Winter squash

These fruits have harder skins that need a longer growing period. Hubbard, butternut, and acorn are a few familiar ones. Winter squash are warm-season plants. They differ from summer squash because they are harvested in the mature fruit stage; picked when the seeds inside are fully mature and the skin has hardened into a tough rind. Most varieties can be stored for use throughout the winter. Typically, they are cut open and baked to soften the insides with spices or meats to season them. Most have a nutty flavor and tend to pick up other flavors easily.

So really, what do you do with acorn squash?

Baked Acorn Squash

This is a recipe from childhood. I remember the warmth of the kitchen and the aroma of maple syrup as my mom would bake up acorn squash as a side dish for dinner.

One acorn squash, cut in 1/2

 2 tablespoons butter, softened

 2 tablespoons brown sugar

 2 tablespoons maple syrup

Salt and freshly ground black pepper

Preheat oven to 400 degrees F.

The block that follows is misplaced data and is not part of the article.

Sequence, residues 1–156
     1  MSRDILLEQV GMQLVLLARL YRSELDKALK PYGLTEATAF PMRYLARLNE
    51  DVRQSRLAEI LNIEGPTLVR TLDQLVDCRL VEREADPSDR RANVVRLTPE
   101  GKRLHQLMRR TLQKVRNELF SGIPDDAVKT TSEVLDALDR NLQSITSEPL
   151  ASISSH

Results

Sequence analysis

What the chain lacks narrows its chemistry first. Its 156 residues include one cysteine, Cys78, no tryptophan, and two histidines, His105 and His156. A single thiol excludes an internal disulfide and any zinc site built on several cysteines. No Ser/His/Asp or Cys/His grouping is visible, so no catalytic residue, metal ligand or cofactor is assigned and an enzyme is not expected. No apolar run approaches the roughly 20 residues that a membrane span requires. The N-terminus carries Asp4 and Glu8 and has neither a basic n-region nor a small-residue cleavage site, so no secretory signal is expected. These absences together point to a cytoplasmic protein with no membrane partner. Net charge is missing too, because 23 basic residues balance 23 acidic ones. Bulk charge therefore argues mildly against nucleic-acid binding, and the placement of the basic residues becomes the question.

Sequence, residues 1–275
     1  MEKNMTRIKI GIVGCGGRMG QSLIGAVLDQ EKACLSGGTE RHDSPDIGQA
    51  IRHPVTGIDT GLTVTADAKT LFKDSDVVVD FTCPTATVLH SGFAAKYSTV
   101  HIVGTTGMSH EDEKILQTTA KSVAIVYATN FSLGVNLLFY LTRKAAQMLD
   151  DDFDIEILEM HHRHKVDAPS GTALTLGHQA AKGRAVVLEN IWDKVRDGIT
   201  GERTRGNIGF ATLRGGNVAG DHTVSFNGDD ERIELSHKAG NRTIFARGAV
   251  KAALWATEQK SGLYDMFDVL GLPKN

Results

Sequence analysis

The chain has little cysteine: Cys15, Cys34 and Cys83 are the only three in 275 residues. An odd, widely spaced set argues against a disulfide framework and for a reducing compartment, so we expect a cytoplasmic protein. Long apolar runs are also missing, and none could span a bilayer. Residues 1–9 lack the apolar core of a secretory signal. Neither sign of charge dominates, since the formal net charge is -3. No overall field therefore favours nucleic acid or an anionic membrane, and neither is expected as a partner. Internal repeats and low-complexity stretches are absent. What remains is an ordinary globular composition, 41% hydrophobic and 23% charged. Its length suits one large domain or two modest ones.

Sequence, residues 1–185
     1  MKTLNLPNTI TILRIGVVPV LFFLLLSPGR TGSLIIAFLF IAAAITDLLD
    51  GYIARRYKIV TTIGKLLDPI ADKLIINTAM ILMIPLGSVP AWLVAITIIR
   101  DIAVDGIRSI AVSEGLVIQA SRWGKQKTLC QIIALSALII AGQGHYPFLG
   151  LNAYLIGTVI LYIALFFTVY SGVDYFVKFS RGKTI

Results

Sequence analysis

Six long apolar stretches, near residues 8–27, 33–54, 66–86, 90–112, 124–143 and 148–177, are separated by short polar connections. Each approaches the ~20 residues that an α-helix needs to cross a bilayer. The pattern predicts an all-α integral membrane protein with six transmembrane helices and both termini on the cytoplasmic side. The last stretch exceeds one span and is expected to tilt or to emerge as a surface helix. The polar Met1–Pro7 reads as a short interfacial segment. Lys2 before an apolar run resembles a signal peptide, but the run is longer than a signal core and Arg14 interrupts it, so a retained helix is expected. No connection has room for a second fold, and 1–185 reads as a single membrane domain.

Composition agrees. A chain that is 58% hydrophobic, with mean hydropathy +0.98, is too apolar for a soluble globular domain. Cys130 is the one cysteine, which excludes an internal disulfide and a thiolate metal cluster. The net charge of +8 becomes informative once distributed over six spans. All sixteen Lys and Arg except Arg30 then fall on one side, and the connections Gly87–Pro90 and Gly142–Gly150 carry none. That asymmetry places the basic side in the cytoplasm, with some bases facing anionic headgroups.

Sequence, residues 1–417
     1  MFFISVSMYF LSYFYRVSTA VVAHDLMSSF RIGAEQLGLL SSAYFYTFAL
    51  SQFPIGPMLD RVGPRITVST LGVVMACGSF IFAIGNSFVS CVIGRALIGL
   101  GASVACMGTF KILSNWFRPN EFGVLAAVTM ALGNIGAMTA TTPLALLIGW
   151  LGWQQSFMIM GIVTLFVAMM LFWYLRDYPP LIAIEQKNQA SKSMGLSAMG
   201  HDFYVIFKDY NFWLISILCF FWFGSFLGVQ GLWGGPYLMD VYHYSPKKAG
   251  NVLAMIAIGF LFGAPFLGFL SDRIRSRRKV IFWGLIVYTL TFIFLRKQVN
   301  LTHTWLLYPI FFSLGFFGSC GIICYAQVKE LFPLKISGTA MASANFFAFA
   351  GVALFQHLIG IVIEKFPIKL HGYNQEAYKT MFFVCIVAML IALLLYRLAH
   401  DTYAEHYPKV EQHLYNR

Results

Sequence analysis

Scoop the seeds and stringy pulp out of the squash halves and discard. Lightly score the inside halves with a knife. Combine the brown sugar, butter, syrup in a small mixing bowl. Add salt and pepper, to taste. Rub and coat the cleaned inside cavities of the squash with the butter mixture. Place them on a baking sheet, cut side up. Bake for about 1 hour or until the squash is tender when pierced with a fork.

 

 


Pumpkins from garden to table

pile-o-pumpkins

I love this time of year and all the piles  of pumpkins in stores and the u-pick farms.

It’s time for fall harvests and pumpkins are everywhere.  In the garden, nothing delights kids more than to see bright orange fruits peeking out from under a vine.  Growing pumpkins is not for every garden. The sprawling vines take over, under and all around a garden space. In my small Potager, (kitchen garden) in the midst of everything else I want to grow, I always make room for a pumpkin plant or two. This year, I had one vine dangle over the top of the fence with a small pumpkin hanging on for dear life!

grow where I may